American voices are influencing discussion about Syria. That is good, because it would not have happened if the president had decided to strike first, instead of bringing the matter to Congress for a vote.
In my view, Barack Obama's speech on Syria this week was the high point of his presidency. Ultimately it could cement his place in history the way President Kennedy's courage and resolve during the Cuban missile crisis did for him.
Obama's change of tack came one day after Moscow initiated a series of fast-moving diplomatic moves in an effort to diffuse the deeply unpopular American plan to bomb the Syrian regime after it allegedly used chemical weapons against its own people last month.
"Assad was a master of evasion, dodging, weaving, demanding absolute certainty; he treated the interview as a game of chess, making the necessary moves to avoid having to admit the evidence he knows (I believe) is there."
It would be pretty easy to be pessimistic (or even downright cynical) at this juncture in time, for these and dozens of other reasons. Even so, the possible success of the idea is more than a little tantalizing, for all concerned.
So a "red line" appears only in conjunction with chemical weapons? I get it, that there is a treaty to which President Obama's illustrative ultimatum refers -- I also know how susceptible the masses are to quotable quips.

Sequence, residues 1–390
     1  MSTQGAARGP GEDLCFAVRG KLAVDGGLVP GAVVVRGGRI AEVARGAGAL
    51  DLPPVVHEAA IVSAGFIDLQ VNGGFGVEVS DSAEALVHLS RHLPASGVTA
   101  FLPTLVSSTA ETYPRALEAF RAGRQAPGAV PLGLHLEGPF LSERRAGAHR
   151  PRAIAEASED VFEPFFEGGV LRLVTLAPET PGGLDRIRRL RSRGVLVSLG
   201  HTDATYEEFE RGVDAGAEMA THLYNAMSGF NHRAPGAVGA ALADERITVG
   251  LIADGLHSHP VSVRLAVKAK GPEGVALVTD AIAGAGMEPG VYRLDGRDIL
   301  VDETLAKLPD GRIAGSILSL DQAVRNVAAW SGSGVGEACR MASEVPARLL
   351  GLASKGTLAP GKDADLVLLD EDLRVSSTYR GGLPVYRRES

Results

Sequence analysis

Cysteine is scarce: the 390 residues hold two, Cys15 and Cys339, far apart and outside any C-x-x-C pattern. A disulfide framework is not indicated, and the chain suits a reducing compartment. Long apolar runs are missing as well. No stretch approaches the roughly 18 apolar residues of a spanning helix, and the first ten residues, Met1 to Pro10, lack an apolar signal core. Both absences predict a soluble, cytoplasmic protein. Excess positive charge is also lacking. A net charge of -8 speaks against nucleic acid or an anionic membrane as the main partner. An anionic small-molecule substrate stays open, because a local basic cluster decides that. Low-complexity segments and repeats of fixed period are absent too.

The president may have insufficiently considered the implications of his red line comment but we disagree the comment was inherently a blunder. The president was restating conventional wisdom: Using chemical weapons transgresses an international red line that all governments must defend.
While we debate the future of President Bashar al-Assad, the most urgent issue is the protection of millions of Syrian people who are already being victimized. The international community must act to prevent the displacement or even worse, the deaths of women, children and men.
Failure to respond to the crisis in Syria will allow evil to beget evil. We cannot merely watch as the crisis in Syria spirals into further attacks on Syrian citizens and, in turn, draws the United States and the international community into an even deeper threat to global security.
It is horrific to envision the scene at those hospitals the day of the alleged attacks. For health care professionals, the most difficult task in such a situation is immediately determining what type of poison the patient was exposed to, in order to choose the proper course of treatment.
We Americans tend to think of most wars in terms of our own Revolution. There is an oppressive ruler. There are an oppressed people. The people yearn for greater freedom and democracy for all. The oppressive ruler must fall so that a brighter day may dawn. If only it were true.